Liabilities are the things that you owe. Liabilities require the future sacrifice of assets. In business, however, credit is often used rather than paying with cash or a check. If we purchase something on credit, the credit will be to Accounts Payable rather than to Cash. Like assets, liabilities are classified as current liabilities or non current (also called long term liabilities). Current liabilities are those liabilities that are expected to be satisfied within the next twelve months (the next year). Non current liabilities are those liabilities that are not expected to be satisfied within the next twelve months. In some cases, a portion of a liability will be paid within the next year and another portion will not be. A good example of this is a mortgage.
Liabilities are defined as: “a present obligation of the entity arising from past events, the settlement of which is expected to result in an outflow from the entity of resources embodying economic benefits”.
To understand this definition fully, each phrase must be analyze separately as below:
- Present obligation
- Past events
- Outflow of economic benefits
A legal obligation is evidence that a liability exists because there is another person or entity having a legal claim to payment. Most liabilities arise because a legal obligation exists, either by contract or by statute law. However, a legal obligation is not a necessary condition. There may be a commercial penalty faced by the business if it takes a certain action. For example, a decision to close a line of business will lead to the knowledge of likely redundancy costs long before the employees are actually made redundant and the legal obligation becomes due.
There may be an obligation imposed by custom and practice, such as a condition of the trade that a penalty operates for those who pay bills late. There may be a future obligation caused by actions and events of the current period where, for example, a profit taken by a company now may lead to a taxation liability at a later date which does not arise at this time because of the wording of the tax laws.
A decision to buy supplies or to acquire a new non-current asset is not sufficient to create a liability. It could be argued that the decision is an event creating an obligation, but it is such a difficult type of event to verify that accounting prefers not to rely too much on the point at which a decision is made. Most liabilities are related to a transaction. Normally the transaction involves receiving goods or services, receiving delivery of new non-current assets such as vehicles and equipment, or borrowing money from a lender.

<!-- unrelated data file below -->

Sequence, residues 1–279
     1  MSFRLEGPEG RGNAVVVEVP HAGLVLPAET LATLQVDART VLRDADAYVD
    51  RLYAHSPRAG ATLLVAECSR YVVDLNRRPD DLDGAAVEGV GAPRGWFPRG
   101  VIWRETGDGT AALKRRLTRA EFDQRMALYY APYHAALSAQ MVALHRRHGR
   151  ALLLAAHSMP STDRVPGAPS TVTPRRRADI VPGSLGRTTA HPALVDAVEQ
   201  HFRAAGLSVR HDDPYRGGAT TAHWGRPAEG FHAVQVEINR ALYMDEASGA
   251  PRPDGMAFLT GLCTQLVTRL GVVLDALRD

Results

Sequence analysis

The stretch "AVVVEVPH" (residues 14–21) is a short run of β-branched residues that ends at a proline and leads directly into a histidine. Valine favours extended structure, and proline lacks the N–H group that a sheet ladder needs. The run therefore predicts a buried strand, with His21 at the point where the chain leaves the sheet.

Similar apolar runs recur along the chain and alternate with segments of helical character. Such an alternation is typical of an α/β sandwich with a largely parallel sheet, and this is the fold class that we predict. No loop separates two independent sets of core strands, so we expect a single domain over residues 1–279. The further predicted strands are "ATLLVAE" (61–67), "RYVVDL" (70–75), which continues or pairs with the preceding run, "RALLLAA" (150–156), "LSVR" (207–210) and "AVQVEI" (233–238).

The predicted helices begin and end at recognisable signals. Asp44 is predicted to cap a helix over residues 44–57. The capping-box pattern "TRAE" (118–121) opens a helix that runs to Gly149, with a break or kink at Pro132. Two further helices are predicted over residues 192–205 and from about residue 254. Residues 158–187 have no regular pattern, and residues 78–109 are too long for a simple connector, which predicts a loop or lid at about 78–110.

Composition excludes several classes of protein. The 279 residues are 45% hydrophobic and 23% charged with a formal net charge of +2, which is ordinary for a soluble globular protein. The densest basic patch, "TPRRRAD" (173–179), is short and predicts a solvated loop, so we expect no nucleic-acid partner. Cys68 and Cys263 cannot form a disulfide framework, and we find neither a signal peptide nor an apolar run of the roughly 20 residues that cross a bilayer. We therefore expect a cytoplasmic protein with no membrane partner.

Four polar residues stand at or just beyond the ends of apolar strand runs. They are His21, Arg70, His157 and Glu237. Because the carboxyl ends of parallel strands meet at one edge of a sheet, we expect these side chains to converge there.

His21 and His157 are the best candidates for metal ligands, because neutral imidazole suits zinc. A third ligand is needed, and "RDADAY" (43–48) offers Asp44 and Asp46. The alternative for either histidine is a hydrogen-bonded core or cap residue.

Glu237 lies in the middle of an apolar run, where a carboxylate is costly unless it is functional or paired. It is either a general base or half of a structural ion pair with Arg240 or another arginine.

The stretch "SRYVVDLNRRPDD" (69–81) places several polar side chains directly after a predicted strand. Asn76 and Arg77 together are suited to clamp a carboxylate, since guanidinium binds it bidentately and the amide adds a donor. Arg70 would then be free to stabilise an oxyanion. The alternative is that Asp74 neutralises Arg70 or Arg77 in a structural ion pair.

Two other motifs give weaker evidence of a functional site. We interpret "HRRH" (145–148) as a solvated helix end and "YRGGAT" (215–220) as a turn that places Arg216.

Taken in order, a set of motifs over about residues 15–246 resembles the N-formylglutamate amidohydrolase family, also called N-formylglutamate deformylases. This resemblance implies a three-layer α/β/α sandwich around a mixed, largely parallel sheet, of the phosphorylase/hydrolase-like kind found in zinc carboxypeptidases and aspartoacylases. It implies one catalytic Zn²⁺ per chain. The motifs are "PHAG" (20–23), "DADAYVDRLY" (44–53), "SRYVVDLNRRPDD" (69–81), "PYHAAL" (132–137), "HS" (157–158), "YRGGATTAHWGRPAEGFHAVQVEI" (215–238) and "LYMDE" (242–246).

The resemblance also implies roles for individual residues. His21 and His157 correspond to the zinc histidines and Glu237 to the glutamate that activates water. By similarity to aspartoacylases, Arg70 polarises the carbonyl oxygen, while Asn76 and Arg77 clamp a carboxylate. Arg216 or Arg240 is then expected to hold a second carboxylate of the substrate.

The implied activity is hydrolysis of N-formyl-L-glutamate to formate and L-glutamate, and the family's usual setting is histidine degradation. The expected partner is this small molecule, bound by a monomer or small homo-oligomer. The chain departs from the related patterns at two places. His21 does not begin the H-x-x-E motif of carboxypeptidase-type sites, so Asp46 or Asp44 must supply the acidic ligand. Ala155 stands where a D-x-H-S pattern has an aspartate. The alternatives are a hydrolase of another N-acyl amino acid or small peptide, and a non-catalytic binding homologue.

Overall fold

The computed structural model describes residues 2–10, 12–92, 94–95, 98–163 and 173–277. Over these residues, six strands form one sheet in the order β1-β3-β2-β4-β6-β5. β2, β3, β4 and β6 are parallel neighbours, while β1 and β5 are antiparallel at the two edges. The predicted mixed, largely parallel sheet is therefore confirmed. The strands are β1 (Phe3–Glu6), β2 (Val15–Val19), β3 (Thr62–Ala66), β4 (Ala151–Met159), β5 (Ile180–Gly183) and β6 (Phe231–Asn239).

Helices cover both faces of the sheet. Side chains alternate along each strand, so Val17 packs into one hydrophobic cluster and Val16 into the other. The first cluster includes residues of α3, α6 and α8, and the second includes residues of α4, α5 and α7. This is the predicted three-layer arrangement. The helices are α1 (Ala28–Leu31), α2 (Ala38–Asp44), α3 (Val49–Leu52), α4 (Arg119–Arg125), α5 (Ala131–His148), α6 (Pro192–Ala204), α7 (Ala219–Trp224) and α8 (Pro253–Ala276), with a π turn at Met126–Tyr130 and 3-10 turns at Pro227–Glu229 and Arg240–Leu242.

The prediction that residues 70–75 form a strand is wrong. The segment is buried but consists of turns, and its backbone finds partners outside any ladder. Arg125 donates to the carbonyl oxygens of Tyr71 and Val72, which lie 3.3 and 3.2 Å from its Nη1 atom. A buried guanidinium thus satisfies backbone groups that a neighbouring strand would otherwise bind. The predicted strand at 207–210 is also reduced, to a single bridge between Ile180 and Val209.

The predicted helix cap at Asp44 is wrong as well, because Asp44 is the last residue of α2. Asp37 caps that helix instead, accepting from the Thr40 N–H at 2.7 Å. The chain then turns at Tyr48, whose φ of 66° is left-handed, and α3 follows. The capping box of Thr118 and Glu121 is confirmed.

In all these cases there is documentary evidence that the transaction has taken place. Where the existence of a liability is somewhat in doubt, subsequent events may help to confirm its existence at the date of the financial statements. For example, when a company offers to repair goods under a warranty arrangement, the liability exists from the moment the warranty is offered. It may, however, be unclear as to the extent of the liability until a pattern of customer complaints is established. Until that time there will have to be an estimate of the liability. In accounting this estimate is called a provision. Amounts referred to as provisions are included under the general heading of liabilities.
Outflow of economic benefits
The resource of cash is the economic benefit transferable in respect of most obligations. The transfer of property in settlement of an obligation would also constitute a transfer of economic benefits. More rarely, economic benefits could be transferred by offering a resource such as labor in settlement of an obligation.
The most familiar types of liabilities arise in those situations where specific amounts of money are owed by an entity to specific persons called creditors. There is usually no doubt about the amount of money owed and the date on which payment is due. Such persons may be trade creditors, the general name for those suppliers who have provided goods or services in return for a promise of payment later. Amounts due to trade creditors are described as trade payables.
>>> Read Types of Accounts.
Examples of Liabilities
Here is a list of items commonly found in the liabilities section of the balance sheets of companies:
- Bank loans and overdrafts
- Trade payables (amounts due to suppliers of goods and services on credit terms)
- Taxation payable
- Accruals (amounts owing, such as unpaid expenses)
- Provision for deferred taxation
- Long-term loans.